Print Edition: April 10, 2013
I’m convinced T.S. Eliot had college students in mind when he wrote that “April is the cruelest month.”
Yes, it’s that time of year when my fellow sleep-deprived, caffeine-addled undergraduates are riddled with deadlines and projects once neglected and now looming. The longer hours and sunshine beckon us outdoors but we must stay attached to our books and computer screens.
The comfortless truth, my friends, is that we have no one to blame but ourselves, for these assignments have been on our radar since January. But what’s really on my mind is this question: how many of us are truly interested in the research we’re conducting?
We chose to be here. Shouldn’t the power of original perspectives be compelling us to flood the library during its all-too-brief opening hours?
Judging by the sudden availability of parking spaces at UFV’s Abbotsford campus in recent weeks, I would hazard to guess that this is not the case.
The problem is that undergraduate courses reward stale and unoriginal ideas.
In my years at UFV, I’ve become intimately familiar with the particulars of researching and writing academic papers for humanities courses. From my vantage point, there are two sources that contribute to this disease that is hampering the quality and vigour of our written arguments.
The first is something professors can help to remedy. It can be found on nearly every assignment outline and often looks a little like this: must include at least five secondary sources.
The rigid requirements for citing academic sources shackles students to what has already been said and explored.
Because we are required to cite prior secondary sources in our essays, it is much less work for me to select a topic that countless other academics and undergraduates alike have already beaten to death. In the clock-watching mind of the undergraduate, it becomes so tempting to ditch whatever original or interesting idea we have in exchange for the promise of an ocean of easy-to-find research that supports an unremarkable thesis.
The amount of work that has to go into culling little bits of argument from the range of tangentially-related sources required for an original thesis dwarfs that needed for your run-of-the-mill topic.
I understand the need for evidence. I can appreciate that the requirement for a certain number of secondary sources ensures a certain, minimal standard of research. But the balance is skewed in favour of the short-term gains associated with boring takes on canonical and institutionally-supported topics.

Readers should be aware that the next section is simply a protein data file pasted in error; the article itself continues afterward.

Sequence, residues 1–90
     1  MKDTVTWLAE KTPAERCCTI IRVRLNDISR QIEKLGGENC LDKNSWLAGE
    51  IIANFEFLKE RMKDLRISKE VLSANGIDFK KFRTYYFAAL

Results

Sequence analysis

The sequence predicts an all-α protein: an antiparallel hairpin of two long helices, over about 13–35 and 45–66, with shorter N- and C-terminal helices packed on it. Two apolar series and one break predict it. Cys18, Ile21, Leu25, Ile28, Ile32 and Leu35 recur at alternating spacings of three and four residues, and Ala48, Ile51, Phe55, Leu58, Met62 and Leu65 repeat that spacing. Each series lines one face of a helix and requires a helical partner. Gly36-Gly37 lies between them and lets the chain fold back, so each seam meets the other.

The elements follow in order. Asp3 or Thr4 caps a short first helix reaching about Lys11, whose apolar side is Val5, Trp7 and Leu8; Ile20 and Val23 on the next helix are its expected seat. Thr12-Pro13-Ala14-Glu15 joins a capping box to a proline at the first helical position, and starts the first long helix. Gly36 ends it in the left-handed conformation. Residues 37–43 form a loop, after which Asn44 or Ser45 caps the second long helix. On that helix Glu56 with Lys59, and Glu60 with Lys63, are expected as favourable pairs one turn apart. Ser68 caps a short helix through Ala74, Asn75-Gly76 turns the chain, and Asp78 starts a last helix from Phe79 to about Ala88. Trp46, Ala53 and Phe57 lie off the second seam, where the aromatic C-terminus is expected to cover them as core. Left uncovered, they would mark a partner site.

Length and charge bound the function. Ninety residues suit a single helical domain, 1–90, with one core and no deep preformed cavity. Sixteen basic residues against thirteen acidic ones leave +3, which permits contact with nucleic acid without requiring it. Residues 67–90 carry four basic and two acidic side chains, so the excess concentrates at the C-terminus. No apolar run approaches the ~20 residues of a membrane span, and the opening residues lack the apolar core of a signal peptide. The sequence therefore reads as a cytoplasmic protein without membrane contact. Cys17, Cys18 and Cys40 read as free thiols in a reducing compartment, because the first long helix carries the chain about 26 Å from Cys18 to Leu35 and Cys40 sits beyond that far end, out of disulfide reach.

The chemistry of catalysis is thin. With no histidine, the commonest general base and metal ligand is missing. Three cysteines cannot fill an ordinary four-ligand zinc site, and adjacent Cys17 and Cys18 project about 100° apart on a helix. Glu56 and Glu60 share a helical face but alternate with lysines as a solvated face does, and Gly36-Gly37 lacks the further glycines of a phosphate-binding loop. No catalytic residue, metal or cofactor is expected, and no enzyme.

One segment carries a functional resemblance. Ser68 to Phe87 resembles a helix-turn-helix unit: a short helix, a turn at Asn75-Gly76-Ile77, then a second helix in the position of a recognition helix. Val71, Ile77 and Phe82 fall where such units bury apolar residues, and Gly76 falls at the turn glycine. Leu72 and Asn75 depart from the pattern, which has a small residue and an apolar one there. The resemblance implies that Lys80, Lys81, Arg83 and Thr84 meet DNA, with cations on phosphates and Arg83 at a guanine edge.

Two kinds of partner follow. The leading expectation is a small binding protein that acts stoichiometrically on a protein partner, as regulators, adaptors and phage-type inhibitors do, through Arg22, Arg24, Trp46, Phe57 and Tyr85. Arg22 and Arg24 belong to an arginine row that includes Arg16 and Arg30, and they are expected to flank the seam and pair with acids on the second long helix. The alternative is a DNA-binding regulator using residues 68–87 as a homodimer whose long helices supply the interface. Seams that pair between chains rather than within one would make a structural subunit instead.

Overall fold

In order to encourage more original thinking, professors must assert their interest in out-of-the-box research questions and find tangible ways to reward students for taking on the extra work required of a truly original topic.
The second problem is something students can help remedy. And that’s fear.
I’ve been there. In my first years of university, I was reluctant to pursue ideas that were daring or new or unconventional because I feared staking my GPA on them.
The truth is that an undergraduate degree is the time to experiment with ideas and types of arguments. (Unless you’re in Tim Heron’s Milton class. Seriously. That man has his own 100-page style guide.)
To be clear, I’m not suggesting handing in a series of haiku for your next upper-level Tudor history paper (This seems like a good place to note that The Cascade assumes no responsibility for the grade any paper inspired by this editorial might receive). There are certain stylistic and academic conventions that do need to be followed to allow for equitable debate.
What’s the worst could happen? You bomb your midterm paper? Then play it safe for your end of term essay and study like hell for your final. One hundred and twenty credits means plenty of opportunities to boost your GPA.
I’ve found the opposite to be true. Professors can see the extra work that goes into an original idea. If you write something that actually sparks their interest, their gratitude for relieving them from the monotony of 30 papers that draw on the same five boring subjects.
Take chances, make mistakes, and draw from different disciplines. Cross-disciplinary pollination yields delicious academic fruit.
By stifling creativity at the undergraduate level, we’re only reinforcing tired ideas at the higher levels of university thought, or worse, disenchanting and alienating our most original thinkers before they get the chance to take full advantage of our institutions of knowledge.
We’re institutionalizing conformity to old ideas and opinions. It’s a problem that will only feed itself until we decide to address it head on.
So as all of us write our last papers of the school year, and some of us put the final touches on our UFV credentials, I urge you to take the academic road less travelled.
You might be surprised what you find.